The Semantics of Weather Awareness

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Sometimes all the technology and warning in the world can’t help everyone. We need to accept that. But the National Weather Service would like to think they’re getting through to most of us.  I agree.  Damage from the Murfreesboro, TN tornado of April 2009. Photo by Flickr user RussSwift via CC.

In the wake of last weekend’s tornado outbreak impacting Alabama, Mississippi and Tennessee, on ABC News, Diane Sawyer reported that there was no warning to the storms:

Something terrifying took the South by surprise last night — no warning. 25 tornadoes striking in less than 24 hours.

In the meteorology community, especially among some of my broadcast-meteorology friends, there was a LOT of discussion about the media really messing things up this time.  Perhaps many people didn’t hear the warning, because they were asleep, but that does not mean there was no warning!

A friend posted this open letter earlier this week on her blog,  She speaks my sentiment exactly.  The National Weather Service has been performing exceptionally well in recent outbreaks, sometimes providing one week’s notice on potential tornadic activity.

While there was a correction to the report the following evening, there was no apology by ABC News to the hundreds of meteorologists at local news stations, private forecasting companies (such as The Weather Channel and Accu-Weather) and the National Weather Service who provided plenty of warning.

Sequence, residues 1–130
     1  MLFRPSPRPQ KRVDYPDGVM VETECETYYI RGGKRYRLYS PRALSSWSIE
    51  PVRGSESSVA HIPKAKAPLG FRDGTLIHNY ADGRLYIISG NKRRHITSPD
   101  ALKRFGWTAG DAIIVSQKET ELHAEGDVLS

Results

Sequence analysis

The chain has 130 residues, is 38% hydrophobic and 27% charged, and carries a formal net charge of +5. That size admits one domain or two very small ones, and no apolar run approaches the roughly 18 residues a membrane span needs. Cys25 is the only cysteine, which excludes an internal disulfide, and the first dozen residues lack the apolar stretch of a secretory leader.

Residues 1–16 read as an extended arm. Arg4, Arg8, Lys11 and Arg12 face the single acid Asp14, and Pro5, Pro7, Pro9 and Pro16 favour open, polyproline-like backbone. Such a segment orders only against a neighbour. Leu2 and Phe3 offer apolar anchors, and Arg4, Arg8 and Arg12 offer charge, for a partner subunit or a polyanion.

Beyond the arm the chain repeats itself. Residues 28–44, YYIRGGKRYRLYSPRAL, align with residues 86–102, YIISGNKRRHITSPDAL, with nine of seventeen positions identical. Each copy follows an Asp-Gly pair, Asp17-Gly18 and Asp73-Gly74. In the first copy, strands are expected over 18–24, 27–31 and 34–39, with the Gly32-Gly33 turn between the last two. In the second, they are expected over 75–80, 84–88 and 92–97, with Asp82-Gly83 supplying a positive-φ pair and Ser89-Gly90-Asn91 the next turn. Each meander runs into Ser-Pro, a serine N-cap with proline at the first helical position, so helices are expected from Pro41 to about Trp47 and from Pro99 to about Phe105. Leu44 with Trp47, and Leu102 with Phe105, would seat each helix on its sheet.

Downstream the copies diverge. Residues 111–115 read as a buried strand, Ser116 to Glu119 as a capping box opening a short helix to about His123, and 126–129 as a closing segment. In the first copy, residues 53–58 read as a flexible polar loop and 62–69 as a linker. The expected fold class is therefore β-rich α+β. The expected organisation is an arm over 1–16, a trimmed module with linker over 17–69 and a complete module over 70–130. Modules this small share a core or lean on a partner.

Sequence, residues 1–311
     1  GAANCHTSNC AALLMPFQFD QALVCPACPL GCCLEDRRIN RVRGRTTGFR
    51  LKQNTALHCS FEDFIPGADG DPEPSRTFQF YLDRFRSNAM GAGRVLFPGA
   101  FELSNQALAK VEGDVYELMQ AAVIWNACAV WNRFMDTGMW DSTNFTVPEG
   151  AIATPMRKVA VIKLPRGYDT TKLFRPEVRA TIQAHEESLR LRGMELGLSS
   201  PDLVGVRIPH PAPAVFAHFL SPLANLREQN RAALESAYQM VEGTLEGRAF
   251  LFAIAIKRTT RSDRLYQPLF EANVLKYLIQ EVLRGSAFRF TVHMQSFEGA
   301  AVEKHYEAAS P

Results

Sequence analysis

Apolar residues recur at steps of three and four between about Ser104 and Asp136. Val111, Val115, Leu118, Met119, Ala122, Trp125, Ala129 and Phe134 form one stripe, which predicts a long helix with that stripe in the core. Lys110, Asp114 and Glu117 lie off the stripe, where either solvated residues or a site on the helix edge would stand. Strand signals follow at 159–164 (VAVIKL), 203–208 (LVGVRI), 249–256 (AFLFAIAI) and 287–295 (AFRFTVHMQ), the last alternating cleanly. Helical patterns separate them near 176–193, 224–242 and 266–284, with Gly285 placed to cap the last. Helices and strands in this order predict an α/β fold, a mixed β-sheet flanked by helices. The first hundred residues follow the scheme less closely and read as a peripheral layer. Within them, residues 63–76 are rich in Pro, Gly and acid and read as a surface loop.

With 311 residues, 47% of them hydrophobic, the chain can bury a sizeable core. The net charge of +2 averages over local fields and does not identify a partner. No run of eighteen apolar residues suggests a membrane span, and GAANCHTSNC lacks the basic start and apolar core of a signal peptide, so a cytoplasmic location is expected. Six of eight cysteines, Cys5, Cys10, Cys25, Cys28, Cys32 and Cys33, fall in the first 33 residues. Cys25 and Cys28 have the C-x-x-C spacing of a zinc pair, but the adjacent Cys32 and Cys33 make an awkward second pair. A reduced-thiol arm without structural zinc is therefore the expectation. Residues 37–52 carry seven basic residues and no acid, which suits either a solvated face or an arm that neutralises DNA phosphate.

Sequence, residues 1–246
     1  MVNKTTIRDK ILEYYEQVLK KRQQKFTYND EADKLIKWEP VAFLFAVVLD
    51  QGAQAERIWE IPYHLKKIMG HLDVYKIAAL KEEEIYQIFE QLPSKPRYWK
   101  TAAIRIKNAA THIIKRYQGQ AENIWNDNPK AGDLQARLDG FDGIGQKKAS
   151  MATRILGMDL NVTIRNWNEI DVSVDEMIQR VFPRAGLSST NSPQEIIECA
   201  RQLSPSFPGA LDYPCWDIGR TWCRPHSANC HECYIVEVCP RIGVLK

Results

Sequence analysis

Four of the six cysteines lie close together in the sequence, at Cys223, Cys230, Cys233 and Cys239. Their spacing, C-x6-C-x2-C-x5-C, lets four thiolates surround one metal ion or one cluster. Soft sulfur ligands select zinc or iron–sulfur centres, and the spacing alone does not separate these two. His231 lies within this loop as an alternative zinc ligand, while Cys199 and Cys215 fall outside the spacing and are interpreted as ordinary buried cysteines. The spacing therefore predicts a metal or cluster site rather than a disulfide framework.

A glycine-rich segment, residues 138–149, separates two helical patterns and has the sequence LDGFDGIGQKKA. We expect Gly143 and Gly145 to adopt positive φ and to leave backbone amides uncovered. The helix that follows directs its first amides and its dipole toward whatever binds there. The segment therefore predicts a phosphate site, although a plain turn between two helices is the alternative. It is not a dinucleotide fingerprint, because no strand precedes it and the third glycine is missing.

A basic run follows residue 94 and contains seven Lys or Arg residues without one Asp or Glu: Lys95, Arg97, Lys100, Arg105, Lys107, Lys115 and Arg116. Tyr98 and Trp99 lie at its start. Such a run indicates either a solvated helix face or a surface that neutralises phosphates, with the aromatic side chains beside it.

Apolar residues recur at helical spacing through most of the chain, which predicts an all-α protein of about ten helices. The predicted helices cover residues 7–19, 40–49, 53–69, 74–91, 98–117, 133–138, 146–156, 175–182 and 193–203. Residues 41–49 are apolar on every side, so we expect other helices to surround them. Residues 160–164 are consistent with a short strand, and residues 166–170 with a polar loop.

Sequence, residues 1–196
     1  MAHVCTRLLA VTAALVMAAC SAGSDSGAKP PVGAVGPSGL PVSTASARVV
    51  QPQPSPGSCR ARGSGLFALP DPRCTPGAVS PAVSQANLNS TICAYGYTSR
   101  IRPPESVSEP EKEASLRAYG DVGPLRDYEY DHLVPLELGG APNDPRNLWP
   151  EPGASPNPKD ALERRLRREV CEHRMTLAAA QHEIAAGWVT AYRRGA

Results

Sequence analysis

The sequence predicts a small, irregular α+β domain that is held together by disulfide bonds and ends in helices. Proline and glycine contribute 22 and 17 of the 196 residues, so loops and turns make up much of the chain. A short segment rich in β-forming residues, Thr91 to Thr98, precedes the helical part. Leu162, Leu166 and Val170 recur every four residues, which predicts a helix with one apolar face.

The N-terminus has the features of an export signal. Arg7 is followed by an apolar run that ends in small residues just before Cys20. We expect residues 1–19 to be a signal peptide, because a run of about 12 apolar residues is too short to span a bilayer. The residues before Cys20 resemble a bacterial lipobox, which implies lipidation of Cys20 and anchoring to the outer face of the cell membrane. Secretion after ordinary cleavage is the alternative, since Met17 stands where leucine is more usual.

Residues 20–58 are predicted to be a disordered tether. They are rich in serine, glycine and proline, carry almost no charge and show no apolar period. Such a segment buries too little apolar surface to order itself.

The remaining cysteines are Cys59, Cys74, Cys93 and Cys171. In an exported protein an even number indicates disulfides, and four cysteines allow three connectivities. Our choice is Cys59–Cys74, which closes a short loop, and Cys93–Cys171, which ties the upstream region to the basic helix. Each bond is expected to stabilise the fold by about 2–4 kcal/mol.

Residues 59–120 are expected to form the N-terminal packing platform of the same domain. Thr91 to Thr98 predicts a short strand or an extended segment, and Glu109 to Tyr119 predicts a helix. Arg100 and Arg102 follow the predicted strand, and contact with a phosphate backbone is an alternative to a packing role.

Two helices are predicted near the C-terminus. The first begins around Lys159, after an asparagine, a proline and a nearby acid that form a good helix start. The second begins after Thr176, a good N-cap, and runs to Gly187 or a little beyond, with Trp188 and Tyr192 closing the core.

To the Americans who live in Tornado Alley, I implore you!  Be aware!  Most locals in the path of the storms last Sunday night could have had the pertinent information at dinnertime the evening before; they could have gone to sleep having set up an alert system.  Many media markets have programs through local news stations where subscribers can receive texts or be called if a warning is coming, or you can use a national program, such as The Weather Channel’s Notify! program, available for as little as $40 per year.

Even if you don’t have the Internet (Wait! Then you wouldn’t be reading this!), invest $25-30 in a basic NOAA weather radio.  I even linked for you the one I own, which has served my family well in Nebraska and on the Florida Panhandle.  It will alert you if a tornado or severe thunderstorm warning is pending for your local area.  The beeping might be annoying, but it’s worth it to save your life and those of your loved ones!

The director of the National Weather Service, Dr. Jack Hayes, made a similar plea to Americans last December through an Op-Ed piece that made its way into several major newspapers.  Make the investment, it can save your life!

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